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Environmental Health

Rabies vaccine baits are safe, but keep an eye out for them

Rabies vaccine baits are safe, but keep an eye out for them

Aug. 24, 2022

By Mary Wade Burnside

In 2019, Monongalia County had 20 reported cases of rabies, the viral illness that is always fatal in mammals.

The final case occurred on the very last day, New Year’s Eve, when a kitten found in downtown Morgantown was taken to a veterinary clinic and proceeded to bite some employees. The kitten was found to have rabies; the employees had to undergo post-exposure rabies prophylaxis treatment, which is neither fun nor cheap.

Since the beginning of 2020, however, Monongalia County has had only two reported rabies cases.

Why the huge change? Monongalia County Health Department credits it to the oral rabies vaccine (ORV) baits that are distributed in several Eastern states, including Monongalia and several other West Virginia counties.

First, in August, the United States Department of Agriculture (USDA) drops baits from airplanes and helicopters. After that, MCHD Environmental Health sanitarians go out on foot and in vehicles to distribute about 1,400 baits in Morgantown, mostly in parks, around the rail-trail and other green spaces. 

As noted recently by Todd Powroznik, manager of MCHD’s Environmental Health program, studies have shown that most of the baits are consumed by the intended target – raccoons and other wildlife that need to be inoculated against the virus – in about four days, and in a week, they are pretty much gone.

Individuals might find some of these baits in their yards or when they are out and about. They are not dangerous.

However, pet owners should keep their dogs and other animals away from them. Even though the contents of the bait, usually fishmeal, and the rabies vaccine, will not hurt animals, dogs could get an upset stomach if they gobble up very many.

That’s why we work hard to get the word out and encourage pet owners with yards where their animals play to take extra precautions around this time of year. They should take the time to inspect their yards and keep a closer eye on their pets when they are outside. Anyone who finds the baits should don gloves and move them to a place where their pets can’t get them but wildlife can.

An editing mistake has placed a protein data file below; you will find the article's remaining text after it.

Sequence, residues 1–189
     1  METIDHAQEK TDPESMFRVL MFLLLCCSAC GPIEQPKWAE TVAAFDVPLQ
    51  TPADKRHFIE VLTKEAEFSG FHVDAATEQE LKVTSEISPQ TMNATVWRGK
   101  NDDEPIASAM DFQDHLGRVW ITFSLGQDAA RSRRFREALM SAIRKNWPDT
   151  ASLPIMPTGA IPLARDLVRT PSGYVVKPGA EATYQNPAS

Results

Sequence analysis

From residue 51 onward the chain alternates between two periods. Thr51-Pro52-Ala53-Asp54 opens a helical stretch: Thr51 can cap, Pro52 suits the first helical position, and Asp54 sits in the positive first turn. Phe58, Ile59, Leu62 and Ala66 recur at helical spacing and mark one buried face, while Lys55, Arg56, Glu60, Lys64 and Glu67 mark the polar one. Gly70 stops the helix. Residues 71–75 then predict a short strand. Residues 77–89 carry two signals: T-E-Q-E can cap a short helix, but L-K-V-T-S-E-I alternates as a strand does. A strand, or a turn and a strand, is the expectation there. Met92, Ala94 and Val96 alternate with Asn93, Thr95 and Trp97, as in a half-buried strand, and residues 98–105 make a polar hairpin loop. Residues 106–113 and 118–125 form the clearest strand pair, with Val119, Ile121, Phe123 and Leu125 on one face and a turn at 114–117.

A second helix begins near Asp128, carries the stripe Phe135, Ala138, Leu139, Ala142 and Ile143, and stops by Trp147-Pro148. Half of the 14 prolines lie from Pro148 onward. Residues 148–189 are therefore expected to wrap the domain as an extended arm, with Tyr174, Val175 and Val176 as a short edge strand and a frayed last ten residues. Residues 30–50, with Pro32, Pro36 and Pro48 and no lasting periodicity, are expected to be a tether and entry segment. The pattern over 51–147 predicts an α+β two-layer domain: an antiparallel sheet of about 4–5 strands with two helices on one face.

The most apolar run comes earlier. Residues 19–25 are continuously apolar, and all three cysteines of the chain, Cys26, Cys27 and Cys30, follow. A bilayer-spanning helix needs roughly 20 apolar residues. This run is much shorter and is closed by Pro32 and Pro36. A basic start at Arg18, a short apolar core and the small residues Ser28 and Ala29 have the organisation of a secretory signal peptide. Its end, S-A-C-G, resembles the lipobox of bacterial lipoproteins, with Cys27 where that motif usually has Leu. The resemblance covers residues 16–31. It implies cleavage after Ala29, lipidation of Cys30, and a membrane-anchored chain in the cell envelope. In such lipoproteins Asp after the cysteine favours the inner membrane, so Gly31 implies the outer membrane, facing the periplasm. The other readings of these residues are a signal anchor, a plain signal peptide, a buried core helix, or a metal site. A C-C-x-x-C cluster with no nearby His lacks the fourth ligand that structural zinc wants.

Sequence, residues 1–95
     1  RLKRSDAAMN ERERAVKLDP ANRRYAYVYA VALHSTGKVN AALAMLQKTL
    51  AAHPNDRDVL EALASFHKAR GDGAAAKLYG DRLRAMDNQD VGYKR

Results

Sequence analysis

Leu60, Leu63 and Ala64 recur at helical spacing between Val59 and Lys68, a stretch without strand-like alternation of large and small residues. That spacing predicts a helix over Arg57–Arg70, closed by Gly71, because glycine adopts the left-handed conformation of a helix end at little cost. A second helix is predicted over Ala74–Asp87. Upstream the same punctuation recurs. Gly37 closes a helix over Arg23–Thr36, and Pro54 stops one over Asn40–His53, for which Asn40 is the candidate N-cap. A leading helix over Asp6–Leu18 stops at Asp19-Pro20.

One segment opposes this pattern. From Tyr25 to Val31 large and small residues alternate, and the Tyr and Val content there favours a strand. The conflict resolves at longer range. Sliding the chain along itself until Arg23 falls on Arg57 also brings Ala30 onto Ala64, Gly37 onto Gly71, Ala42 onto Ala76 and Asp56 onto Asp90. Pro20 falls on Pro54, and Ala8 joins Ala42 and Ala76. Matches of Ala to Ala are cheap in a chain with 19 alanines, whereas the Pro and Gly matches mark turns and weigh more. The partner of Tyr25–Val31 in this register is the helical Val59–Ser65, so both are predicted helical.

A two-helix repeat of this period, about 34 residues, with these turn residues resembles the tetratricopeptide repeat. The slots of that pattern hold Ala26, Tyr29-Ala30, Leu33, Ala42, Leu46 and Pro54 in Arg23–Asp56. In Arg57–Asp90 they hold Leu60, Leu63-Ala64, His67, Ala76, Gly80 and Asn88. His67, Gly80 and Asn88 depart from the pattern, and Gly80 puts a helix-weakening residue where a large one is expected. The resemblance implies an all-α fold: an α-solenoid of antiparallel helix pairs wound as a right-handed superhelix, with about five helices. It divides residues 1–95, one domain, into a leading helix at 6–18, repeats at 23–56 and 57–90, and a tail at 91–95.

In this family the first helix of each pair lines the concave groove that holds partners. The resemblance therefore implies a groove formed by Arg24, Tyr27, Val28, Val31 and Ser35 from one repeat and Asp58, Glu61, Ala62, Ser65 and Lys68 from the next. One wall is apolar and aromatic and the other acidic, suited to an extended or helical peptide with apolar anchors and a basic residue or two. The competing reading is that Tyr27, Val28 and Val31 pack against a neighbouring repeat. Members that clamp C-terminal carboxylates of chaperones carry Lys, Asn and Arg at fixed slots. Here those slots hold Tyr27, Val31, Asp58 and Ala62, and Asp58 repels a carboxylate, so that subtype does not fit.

The first round of airdrops took place Aug. 5-8 and the next one starts today, Aug. 24, and will go through Aug. 31. As noted several states and West Virginia counties are baited, and because of issues such as weather conditions that can crop up, the exact time that Monongalia County will be baited is not known.Then, on Thursday, Aug. 25 and Friday, Aug. 26, MCHD Environmental Health sanitarians will be driving around the Morgantown area, distributing ORV baits in parks, near the rail-trail and other grassy areas.

​For anyone who might think these baits are a burden to watch out for, let’s return to the stories we heard in 2019, when Monongalia County experienced 20 reported rabies cases.

Back then, a common theme was one of a dog playing in a backyard and getting into a tussle with a raccoon that turned out to have rabies.

What happened at that point depended. If the dog was up to date on its rabies vaccine, it could be inoculated again and quarantined for a period of time to make sure it didn't develop rabies.

If the dog (or sometimes a cat) wasn’t vaccinated at all, the owner generally had two choices: double cage quarantine for six months, which is a very isolating situation for the animal and difficult for the owner, or euthanasia.

This is a good time to emphasize that keeping your animals up to date on their rabies vaccines not only helps prevent this heartbreaking scenario, but it’s also the law in West Virginia.

I’ll also add that like those vet employees that interacted with the kitten, if the dog’s human family members had washed a bloody scrape off of their pet or had also come into contact with the rabid animal or its blood or saliva, they too were encouraged to receive the expensive and extensive post-exposure rabies prophylaxis treatment.

Before 2019, the USDA had moved its baiting line mostly west of Monongalia County. In early 2019, based on rising reported rabies cases, Monongalia County Health Department employees met with rabies prevention staff members from the USDA’s Animal and Plant Health Inspection Service in Elkins and requested that the line be moved back east.

The USDA wasn’t sure it was going to happen in 2019, but it did. Now, for the fourth year in a row, ORV baits are being distributed throughout Monongalia County. The results have been dramatic. And the sad stories of the aftermath of a dog vs. rabid raccoon encounter have dwindled.

So please, watch out for the baits this month. For more information, click here. You can also see a coverage map and a Q&A

Mary Wade Burnside is the public information office for Monongalia County Health Department.

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